My favorite one was from when I was a bit older and started listening to my brothers' rock and roll stuff. Bruce Springsteen's "Blinded by the Light" was just chock full of stuff I didn't understand, but what got me (and apparently a whole bunch of people) was the line "cut loose like a deuce," which I (and countless others) heard as "wrapped up like a douche." And of course, I had no idea what that meant. So I can only imagine the pleasure everyone who heard me sing got from that one. My only consolation now is that I clearly wasn't the only one.
(And just for some more fun, run down this rabbit hole: Am I Right - Misheard Song Lyrics)
So it shouldn't be any surprise to me when I come across those auditory errors when I proof manuscripts. Some common ones include:
for intensive purposes - should be for all intents and purposes
phase - should be faze
hone in - should be home in
you've got another thing coming - should be you've got another think coming **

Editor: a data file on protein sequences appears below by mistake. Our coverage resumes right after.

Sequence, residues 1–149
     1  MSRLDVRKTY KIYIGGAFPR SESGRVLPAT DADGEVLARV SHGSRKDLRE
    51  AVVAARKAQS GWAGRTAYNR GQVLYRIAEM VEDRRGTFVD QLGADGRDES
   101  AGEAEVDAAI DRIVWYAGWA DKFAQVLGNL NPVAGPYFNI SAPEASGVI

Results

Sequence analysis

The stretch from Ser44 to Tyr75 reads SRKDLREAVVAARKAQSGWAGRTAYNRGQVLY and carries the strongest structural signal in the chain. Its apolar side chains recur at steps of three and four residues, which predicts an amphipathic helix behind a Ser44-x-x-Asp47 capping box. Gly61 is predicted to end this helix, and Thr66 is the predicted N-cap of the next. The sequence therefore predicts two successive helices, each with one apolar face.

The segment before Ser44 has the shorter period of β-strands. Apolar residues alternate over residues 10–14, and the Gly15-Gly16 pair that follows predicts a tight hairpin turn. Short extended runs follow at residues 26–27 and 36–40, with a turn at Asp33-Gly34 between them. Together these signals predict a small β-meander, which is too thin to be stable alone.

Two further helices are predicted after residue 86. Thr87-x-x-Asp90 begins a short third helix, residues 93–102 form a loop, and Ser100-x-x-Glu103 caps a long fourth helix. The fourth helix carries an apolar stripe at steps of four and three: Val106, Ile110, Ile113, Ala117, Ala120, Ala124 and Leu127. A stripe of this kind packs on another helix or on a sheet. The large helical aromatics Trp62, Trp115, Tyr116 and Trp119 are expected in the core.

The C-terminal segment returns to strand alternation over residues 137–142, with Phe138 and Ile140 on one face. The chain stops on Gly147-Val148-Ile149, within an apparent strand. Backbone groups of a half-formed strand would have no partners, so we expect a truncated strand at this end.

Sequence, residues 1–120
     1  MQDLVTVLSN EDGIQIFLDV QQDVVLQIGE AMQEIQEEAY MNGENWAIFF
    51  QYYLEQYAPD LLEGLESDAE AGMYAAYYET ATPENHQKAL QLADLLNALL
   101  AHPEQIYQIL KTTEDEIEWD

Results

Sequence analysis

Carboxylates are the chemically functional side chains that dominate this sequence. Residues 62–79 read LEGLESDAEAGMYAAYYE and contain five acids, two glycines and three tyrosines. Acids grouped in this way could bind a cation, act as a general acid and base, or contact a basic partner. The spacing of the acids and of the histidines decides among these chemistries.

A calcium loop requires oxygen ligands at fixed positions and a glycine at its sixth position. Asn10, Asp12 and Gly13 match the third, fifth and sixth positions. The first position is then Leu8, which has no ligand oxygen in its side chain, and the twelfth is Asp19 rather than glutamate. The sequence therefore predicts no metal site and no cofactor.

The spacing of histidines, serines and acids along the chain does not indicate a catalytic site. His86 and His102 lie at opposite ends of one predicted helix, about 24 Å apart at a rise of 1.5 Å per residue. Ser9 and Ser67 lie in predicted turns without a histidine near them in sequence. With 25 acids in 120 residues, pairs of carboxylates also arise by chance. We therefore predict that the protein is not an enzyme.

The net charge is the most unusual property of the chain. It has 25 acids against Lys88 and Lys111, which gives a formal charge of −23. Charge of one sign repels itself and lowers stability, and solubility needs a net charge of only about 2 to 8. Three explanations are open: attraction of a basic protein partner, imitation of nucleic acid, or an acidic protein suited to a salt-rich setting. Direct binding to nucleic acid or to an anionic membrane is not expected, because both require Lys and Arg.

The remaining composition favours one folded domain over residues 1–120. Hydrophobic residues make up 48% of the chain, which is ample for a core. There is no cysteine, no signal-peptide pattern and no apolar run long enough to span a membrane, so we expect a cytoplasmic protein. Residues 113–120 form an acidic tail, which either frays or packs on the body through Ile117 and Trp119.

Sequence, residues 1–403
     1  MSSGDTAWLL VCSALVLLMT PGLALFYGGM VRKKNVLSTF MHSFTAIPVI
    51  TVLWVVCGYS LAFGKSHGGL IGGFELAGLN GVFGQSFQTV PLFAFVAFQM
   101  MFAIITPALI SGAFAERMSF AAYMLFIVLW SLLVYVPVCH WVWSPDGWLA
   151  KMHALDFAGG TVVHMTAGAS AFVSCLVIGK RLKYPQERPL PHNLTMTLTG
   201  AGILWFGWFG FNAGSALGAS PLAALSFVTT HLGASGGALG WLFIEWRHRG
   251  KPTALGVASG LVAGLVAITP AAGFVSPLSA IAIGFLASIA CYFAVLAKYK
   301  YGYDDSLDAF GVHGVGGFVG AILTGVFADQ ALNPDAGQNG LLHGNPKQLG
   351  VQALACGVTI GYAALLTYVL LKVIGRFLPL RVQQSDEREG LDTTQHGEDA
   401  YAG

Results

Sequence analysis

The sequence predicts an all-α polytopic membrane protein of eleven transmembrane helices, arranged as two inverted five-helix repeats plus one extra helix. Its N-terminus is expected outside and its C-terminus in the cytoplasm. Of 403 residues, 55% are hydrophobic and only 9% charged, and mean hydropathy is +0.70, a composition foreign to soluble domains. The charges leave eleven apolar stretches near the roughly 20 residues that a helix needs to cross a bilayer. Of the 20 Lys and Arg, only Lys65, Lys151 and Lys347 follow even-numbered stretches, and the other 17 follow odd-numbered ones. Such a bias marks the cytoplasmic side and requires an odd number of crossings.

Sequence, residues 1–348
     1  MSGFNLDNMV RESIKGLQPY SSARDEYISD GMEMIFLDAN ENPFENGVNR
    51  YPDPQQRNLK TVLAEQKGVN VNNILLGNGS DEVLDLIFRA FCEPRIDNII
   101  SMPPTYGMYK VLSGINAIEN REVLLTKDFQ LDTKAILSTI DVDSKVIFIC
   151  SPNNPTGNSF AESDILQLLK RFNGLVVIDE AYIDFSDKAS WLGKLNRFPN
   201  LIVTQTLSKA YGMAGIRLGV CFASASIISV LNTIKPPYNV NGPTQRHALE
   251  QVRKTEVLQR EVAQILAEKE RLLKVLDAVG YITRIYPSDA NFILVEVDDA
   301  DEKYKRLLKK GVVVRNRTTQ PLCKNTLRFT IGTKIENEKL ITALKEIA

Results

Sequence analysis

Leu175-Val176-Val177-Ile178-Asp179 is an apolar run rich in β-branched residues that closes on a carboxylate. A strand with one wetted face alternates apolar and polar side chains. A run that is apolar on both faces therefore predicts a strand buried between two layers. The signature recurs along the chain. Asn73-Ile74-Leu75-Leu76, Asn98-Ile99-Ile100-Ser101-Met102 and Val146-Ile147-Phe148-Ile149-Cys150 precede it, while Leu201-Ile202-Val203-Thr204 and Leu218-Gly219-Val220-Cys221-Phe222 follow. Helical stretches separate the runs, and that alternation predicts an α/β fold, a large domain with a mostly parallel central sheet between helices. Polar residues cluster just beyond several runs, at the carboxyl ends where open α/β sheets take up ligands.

**Part of the confusion on this one rests on the shoulders of Judas Priest (as if they didn't get enough grief in 1989 when they were named defendants in a lawsuit over subliminal messages in their albums that caused two young men to commit suicide). The song "You've Got Another Thing Coming" was a big hit in 1982 and from then on, we can blame them for the auditory error and the misuse of the phrase as it was intended.
But I ran across this really cool video that describes how what you see can affect what you hear, and what you hear can change your perceived vision. Check it out: